• Safeguards must be taken to preserve the original data. This requires taking a bit-level image that can be used throughout the analysis process; the original should not be touched.
• Verify that all data remains unaltered in its originally identified state. Use hash algorithms to validate the authenticity of all data.
• Establish and maintain a proper chain of custody throughout the data's life cycle, from identification to destruction. Evidence must be inventoried, labeled, and controlled to ensure it is not altered or contaminated.
When you're working with digital investigations, always keep in mind that evidence -- or even perhaps you -- may end up in court. Just like police officers record events in their notebooks, forensic investigators must maintain documentation for every interaction.
For example, a forensic investigator's logbook should include (at a minimum): the date, time, and analyst's full name for each interaction. It should illustrate page number/sequence and have no whitespace available -- fill that space with a solid line to prevent supplementary comments from being inserted.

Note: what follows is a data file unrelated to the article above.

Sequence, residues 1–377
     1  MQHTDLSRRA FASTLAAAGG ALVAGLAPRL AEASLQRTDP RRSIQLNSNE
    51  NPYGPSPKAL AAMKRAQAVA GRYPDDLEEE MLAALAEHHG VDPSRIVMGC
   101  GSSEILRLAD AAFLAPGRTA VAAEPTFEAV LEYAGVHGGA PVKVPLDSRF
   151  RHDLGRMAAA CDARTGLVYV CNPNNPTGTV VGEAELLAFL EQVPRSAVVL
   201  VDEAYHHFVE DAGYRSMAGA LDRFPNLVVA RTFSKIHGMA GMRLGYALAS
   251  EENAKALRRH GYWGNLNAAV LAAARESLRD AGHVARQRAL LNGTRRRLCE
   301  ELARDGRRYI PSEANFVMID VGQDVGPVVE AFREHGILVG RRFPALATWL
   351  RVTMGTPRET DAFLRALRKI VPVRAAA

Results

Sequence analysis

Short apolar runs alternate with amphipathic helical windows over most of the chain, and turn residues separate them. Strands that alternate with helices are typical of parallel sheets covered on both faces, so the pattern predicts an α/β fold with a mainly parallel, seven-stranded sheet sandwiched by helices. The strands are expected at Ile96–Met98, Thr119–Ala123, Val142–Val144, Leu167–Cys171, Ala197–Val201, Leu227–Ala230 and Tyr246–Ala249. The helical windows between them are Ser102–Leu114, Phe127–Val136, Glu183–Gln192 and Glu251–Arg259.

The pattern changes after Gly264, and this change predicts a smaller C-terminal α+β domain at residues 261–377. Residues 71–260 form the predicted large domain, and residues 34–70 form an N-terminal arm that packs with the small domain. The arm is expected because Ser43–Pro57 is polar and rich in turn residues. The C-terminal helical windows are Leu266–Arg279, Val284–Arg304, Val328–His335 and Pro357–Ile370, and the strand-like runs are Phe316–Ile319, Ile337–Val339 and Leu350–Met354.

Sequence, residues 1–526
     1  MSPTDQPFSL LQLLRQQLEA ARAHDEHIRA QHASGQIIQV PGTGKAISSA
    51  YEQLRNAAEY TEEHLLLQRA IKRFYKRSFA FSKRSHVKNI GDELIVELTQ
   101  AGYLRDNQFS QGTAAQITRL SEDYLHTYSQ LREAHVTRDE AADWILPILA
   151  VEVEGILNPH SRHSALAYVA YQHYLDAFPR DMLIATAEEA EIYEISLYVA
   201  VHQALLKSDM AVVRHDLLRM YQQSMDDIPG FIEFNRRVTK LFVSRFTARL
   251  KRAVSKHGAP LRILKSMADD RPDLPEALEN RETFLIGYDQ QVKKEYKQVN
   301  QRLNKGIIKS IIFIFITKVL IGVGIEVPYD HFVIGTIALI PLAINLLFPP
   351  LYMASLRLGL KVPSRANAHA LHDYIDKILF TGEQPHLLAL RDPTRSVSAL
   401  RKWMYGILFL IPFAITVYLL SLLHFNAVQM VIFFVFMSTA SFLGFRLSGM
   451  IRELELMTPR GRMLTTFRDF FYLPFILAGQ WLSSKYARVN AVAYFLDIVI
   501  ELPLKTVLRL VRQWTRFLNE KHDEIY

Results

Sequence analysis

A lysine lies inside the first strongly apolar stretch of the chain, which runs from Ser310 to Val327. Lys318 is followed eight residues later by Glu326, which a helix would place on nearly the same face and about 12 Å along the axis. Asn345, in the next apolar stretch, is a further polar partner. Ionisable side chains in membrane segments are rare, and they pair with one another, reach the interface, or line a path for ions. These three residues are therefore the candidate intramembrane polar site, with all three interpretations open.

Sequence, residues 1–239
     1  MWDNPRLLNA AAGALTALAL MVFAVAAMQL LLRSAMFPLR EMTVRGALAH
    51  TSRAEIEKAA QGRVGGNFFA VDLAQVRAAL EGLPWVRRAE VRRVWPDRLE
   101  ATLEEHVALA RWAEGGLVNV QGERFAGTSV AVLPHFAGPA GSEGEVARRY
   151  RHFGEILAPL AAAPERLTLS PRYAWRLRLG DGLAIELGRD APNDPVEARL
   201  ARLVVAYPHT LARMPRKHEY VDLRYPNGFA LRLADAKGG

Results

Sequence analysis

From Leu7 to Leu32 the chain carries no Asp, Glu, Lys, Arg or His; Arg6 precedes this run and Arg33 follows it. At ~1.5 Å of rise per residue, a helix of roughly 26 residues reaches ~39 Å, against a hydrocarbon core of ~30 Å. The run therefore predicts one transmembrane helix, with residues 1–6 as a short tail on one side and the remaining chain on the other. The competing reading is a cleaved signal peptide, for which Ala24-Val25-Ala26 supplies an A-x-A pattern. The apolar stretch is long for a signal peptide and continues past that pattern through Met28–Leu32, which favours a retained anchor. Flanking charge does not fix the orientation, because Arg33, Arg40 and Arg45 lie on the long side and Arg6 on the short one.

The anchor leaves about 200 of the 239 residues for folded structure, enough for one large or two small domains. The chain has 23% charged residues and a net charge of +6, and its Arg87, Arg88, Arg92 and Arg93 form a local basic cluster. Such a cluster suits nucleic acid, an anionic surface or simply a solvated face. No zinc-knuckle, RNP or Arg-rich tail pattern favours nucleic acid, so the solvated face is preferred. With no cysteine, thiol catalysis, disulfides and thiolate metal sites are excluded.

Aside from a logbook, there are other important pieces of documentation that are required throughout the investigation life cycle:
• Acquisition (or seizure) forms must be completed -- prior to being removed from a crime scene -– to accurately identify the evidence and when it was seized.
• Exhibit numbers should be assigned using a centralized record book to catalog and inventory evidence as part of the investigation.
• Labels should be appended to all evidence, associating it to the investigation along with its respective exhibit number.
• Chain of custody must be maintained to demonstrate when and where the evidence is handled, stored, and ownership transferred.
The final piece of documentation is the investigative report. As a technical professional, you will be required to translate techniques, methodologies, and findings so they can be communicated and reproduced across business, civil, or criminal court settings. This can be an overwhelming task for a technical individual who -- depending on experience -- has had limited involvement in the business aspects of cyber forensics.
The ability to navigate both technical and business settings is important in cyber forensics. Whether you are looking to further your industry credibility or advance your career, you need to show you can operate outside the purely technical environment. In addition, you must be able to show that you can consistently apply forensics principles to other IT fields, including e-discovery or incident response.
Cyber forensics is one of the fastest-growing and most in-demand areas of specialty in security. However, it isn't easy to establish your credibility in a way that is universally accepted. (ISC)2 is making an effort to certify this expertise with its new Cyber Forensics Professional certification, but the program is still brand new. You may have to establish your own credentials, both legal and professional.